Class Pride

During one of my lunch breaks last week I happened to stumble on a thread on the official WoW forums talking about things that make players who play warrior proud. It struck me as interesting. Why? Because in all my experience playing I had not really felt that since playing my rogue.

And to be honest, I did feel that at bit while playing my warrior.

Quintalan (Redbeard) can attest to my recent (more like constant) internal battle between playing my death knight or warrior. Both are fun. I LOVE the tanking style and flexibility of the warrior. I also think they have the strongest tool set of the tanks.

On the other hand, the death knights do decent damage and and pretty fun to play too. It's nice to have an AOE to throw down and lock aggro in with blood boil.

So what's holding me back from playing my warrior you ask?

Tauren. Yup, they may look cool and have the best racials for a PVE warrior, but I can't help it. I just don't like Taurens. Here's the thing: When playing a Tauren the rest of the world is smaller. Having to dismount every stinking time I want to enter a building, or ride the elevator in UC is such a pain. However, being so large is nice because your weapons are HUGE! Rawr! Right? But being a Tauren player they just appear normal size in relation to your own character. Big...normal size deal.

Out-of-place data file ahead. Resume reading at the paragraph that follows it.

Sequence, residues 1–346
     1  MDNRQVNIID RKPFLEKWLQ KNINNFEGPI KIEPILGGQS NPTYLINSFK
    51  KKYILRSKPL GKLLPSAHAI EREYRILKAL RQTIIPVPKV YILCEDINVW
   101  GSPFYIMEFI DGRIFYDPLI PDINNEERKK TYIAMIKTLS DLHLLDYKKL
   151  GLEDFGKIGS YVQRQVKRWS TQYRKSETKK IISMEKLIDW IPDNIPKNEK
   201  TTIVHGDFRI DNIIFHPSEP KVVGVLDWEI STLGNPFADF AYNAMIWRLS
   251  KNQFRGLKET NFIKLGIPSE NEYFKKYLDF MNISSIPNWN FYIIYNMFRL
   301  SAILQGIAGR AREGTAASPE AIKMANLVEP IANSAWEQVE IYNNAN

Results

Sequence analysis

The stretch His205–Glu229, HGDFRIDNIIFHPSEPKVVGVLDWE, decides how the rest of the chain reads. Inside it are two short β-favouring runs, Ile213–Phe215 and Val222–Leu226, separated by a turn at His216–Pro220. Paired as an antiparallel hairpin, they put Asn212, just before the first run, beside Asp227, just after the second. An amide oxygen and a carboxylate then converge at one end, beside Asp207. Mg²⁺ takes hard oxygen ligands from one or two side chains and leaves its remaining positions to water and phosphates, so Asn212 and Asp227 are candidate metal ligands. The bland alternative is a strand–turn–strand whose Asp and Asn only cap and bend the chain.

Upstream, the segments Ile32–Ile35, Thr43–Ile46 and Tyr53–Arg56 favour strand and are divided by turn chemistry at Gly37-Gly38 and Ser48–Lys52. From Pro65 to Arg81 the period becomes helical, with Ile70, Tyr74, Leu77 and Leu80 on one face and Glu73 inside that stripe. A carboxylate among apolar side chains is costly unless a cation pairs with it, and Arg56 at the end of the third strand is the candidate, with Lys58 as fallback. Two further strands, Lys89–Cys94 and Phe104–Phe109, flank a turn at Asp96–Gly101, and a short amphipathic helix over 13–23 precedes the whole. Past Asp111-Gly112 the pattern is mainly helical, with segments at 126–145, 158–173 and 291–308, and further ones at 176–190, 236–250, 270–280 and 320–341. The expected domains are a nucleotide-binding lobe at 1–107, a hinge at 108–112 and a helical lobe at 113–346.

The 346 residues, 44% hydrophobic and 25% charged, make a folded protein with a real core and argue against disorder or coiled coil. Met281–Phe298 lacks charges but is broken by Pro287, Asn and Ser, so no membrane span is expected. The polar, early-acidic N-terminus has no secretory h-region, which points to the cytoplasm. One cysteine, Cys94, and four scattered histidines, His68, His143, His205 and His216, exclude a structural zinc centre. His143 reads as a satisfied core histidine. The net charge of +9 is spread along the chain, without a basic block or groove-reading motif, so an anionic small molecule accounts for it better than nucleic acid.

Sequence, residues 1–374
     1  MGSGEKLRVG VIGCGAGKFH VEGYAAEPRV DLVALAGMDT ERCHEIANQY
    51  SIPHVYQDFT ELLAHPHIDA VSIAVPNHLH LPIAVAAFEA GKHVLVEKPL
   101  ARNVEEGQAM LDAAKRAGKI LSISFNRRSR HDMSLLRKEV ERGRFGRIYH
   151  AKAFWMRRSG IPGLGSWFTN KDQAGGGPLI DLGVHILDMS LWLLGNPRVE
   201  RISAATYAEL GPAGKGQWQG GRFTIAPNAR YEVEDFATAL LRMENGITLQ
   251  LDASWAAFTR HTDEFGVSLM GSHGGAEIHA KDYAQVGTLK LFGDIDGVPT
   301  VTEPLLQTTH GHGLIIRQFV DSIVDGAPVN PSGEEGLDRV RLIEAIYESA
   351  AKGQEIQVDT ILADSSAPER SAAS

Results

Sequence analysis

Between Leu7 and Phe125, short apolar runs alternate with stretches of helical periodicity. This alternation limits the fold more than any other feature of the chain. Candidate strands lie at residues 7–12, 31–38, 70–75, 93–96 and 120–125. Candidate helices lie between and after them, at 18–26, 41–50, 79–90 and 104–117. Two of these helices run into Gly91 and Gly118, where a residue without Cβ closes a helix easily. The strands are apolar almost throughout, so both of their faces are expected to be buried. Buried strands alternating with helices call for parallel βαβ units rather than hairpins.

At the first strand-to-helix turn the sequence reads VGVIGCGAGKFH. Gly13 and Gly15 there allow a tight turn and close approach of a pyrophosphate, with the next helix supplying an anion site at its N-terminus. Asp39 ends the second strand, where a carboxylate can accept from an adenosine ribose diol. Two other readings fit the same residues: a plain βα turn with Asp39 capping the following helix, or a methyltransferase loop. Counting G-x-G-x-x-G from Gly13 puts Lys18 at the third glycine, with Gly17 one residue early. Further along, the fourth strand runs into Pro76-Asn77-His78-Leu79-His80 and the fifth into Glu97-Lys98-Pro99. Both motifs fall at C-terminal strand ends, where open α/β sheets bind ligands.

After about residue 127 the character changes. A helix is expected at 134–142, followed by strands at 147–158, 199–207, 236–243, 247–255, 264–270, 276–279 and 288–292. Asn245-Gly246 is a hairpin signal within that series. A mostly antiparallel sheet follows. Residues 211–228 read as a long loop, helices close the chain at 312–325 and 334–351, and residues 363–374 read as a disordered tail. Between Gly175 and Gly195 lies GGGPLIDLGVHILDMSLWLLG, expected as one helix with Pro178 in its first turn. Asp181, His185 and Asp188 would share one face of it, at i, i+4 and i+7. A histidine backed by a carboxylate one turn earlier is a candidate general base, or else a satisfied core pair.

The main thing that really bugs me playing a Tauren is this: When you zoom your camera in all the way you end up focusing where the height of a normal player would stand. So what this does is offset the camera lower than your character's head. Which means if your fighting anything smaller than your character you have to pivot the camera to the side or up enough to see what's going on. That aggravates the hell out of me for some reason. And playing a Tauren pretty much means EVERYTHING is smaller than your character.

Yesterday was the Day of the Dead event in Warcraft, and one of the nifty things you could do was get a 12 hour costume buff that turned you into an undead guy / girl in a tuxedo. This gave me a chance to realize that I actually REALLY liked the animations of the sword & board undead. You could easily spot the difference from a dodge or parry to a block, and the animations actually looked like you're doing the actions. What I mean is, when you block an attack you actually raise your shield and block the attack, or you raise your weapon and parry the attack. Maybe at this point I just don't care for cows enough that I didn't notice those types of animations before on my Tauren.

So getting back to the first thing I posted about, I would like to sum it all up with the following snippet from Achtung Panzercow.

"I am the Warrior.

When you see me, I will, most likely, not be attired formally. I will be encased in my steel. It will be dirty, bloody, and battered. I do not have a quick tongue or eloquent speech. I know nothing of the manners of the King’s court, or the ettiquette of the formal ball.

I am known by many names. Tank. Meatshield. Fighter. Brawler. Corpse.

I am the Warrior.